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Understanding Git Cherry-pick: How to Use

Published Nov 28, 2016Last updated Jan 18, 2017
Understanding Git Cherry-pick: How to Use

What is Git cherry-pick?

Git is the most widely used modern version control system in the world. A large number of software projects depend on Git for version control (both commercial and other open-sourced projects). If you're a beginner, you can get started on this beginner's guide to git and github.

One of its commands that I've found very useful especially when working with large teams is "git cherry-pick", along with other features such as git-flow, and even this guide to common git problems and their fixes.

But cherry-picking simply means picking a commit from a branch and applying that commit onto another branch. It is more useful for sampling out a small subset of changes from a topic branch you've decided to delete, but you still got some useful commits on it. This will introduce a new, distinct commit.

Use Cases

Cherry-picking becomes very useful and essential when it comes to bug fixing. This is because bugs are fixed and tested on the development branch with their respective snapshots (committed) — which might have been on a different level from your production branch.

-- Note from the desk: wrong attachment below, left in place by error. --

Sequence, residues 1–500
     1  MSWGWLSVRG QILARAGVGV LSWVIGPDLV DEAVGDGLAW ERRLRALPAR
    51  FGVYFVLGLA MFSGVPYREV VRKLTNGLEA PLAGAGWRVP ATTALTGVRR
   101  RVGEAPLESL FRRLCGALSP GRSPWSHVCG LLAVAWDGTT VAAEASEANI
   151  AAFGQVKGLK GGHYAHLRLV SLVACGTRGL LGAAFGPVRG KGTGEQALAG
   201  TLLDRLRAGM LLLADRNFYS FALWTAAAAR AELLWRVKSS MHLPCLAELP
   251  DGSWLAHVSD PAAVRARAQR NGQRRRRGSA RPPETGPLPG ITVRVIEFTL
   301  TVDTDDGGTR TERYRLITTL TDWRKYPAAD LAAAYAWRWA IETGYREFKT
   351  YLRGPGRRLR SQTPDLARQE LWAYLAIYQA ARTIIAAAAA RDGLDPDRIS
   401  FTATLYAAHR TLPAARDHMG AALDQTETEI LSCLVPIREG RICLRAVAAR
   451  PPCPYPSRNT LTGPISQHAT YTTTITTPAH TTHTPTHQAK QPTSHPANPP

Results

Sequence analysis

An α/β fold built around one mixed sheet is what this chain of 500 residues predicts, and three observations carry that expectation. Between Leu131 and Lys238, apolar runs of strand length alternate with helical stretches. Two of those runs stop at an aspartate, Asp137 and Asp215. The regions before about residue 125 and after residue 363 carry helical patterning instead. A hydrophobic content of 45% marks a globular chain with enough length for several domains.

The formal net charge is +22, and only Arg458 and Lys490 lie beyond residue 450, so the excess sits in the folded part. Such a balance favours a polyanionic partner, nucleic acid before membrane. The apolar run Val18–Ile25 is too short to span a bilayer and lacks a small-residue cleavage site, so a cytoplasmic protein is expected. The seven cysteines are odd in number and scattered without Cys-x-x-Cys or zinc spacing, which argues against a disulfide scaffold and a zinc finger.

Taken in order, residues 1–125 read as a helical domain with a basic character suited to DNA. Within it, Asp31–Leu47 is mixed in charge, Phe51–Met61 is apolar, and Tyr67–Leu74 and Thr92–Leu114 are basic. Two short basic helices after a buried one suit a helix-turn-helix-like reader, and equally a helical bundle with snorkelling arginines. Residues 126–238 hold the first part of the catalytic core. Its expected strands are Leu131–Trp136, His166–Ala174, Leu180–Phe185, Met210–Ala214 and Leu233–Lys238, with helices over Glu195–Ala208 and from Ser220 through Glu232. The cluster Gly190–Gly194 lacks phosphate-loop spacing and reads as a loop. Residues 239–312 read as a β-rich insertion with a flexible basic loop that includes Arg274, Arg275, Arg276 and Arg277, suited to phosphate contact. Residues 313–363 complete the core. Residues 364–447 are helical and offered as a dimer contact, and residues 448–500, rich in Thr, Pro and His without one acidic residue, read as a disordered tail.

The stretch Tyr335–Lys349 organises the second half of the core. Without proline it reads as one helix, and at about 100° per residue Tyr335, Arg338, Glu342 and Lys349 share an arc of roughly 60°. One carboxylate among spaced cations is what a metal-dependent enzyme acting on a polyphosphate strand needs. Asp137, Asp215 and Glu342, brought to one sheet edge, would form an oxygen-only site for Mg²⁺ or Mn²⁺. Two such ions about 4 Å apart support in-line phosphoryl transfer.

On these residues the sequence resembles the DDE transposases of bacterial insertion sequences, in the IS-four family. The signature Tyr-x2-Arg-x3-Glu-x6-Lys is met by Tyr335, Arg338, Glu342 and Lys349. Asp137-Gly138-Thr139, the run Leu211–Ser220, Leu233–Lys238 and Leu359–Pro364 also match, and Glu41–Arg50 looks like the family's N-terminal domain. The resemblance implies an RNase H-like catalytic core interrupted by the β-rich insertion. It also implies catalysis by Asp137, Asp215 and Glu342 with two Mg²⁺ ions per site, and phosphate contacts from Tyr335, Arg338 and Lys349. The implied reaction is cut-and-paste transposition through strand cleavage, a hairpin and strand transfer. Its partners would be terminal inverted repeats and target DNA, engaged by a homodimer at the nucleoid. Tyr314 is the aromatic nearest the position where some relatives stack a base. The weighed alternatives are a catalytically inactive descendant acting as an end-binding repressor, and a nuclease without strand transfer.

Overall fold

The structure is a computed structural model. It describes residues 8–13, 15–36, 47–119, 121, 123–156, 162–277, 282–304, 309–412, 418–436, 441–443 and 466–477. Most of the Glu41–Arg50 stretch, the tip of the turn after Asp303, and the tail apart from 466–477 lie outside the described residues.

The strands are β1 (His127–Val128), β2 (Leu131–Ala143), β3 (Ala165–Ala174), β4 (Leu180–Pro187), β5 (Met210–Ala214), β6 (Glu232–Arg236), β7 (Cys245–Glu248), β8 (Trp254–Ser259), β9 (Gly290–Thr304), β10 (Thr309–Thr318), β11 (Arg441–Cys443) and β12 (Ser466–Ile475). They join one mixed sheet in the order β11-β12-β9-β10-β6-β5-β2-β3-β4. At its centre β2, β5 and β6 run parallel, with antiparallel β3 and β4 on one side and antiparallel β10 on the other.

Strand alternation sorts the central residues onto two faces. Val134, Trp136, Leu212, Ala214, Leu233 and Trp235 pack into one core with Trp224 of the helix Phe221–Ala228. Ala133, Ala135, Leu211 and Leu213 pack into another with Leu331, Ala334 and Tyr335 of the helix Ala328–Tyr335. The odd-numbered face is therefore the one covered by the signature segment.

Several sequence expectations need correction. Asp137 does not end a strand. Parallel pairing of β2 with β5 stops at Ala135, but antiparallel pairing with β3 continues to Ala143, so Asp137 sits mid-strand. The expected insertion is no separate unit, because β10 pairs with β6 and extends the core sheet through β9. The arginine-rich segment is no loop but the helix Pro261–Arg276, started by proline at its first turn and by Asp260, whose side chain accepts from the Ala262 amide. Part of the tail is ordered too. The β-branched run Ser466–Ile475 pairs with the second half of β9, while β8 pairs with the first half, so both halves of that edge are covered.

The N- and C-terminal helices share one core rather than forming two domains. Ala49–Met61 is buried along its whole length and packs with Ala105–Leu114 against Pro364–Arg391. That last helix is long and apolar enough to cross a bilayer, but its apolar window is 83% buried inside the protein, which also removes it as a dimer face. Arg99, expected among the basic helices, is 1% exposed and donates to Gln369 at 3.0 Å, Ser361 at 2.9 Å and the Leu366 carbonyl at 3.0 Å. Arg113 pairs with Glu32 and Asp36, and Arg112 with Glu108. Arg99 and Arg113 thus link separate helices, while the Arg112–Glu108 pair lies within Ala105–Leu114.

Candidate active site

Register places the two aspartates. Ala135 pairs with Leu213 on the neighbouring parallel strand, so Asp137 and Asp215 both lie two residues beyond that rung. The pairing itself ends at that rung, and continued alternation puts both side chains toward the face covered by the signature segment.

As with other Git operations that introduce changes via the process of applying a diff, you may need to resolve conflicts to fully apply the changes from the given commit. This could be averted by doing a git cherry-pick.

This could also be useful whenever a full branch merge is not possible due to incompatible versions in the various branches.

Also, you can use git cherry-pick to pull the changes introduced to a sub-branch, without changing the branch, by your colleague working on the same project.

How do you do GIT cherry-pick?

Let's consider a git repo with two branches and some snapshots as shown below:
git cherry-pick

The image above shows a git repo with the master branch having A,B,C,D commits and cherry-pick branch with E,F,G commit.

To cherry-pick a particular commit from the master (i.e C) into "cherry-pick" branch:

  • go to the branch that has the commit you want to cherry-pick and run
git checkout master
  • Obtain the commit hash by typing
git log

Alternatively, go to your GitHub page and copy the commit hash.

  • Checkout the branch you want to have the commit (i.e cherry-pick)
git checkout cherry-pick
  • Cherry-pick the commit by running:
git cherry-pick C

upon running the last command, your snapshot will now look like this
git cherry-pick

The cherry-pick branch now has just the snapshot C in the master branch

Why do a GIT cherry-pick

As stated above while defining what a git cherry-pick is, you will mostly cherry-pick a snapshot instead of merging the whole branch into the current branch.

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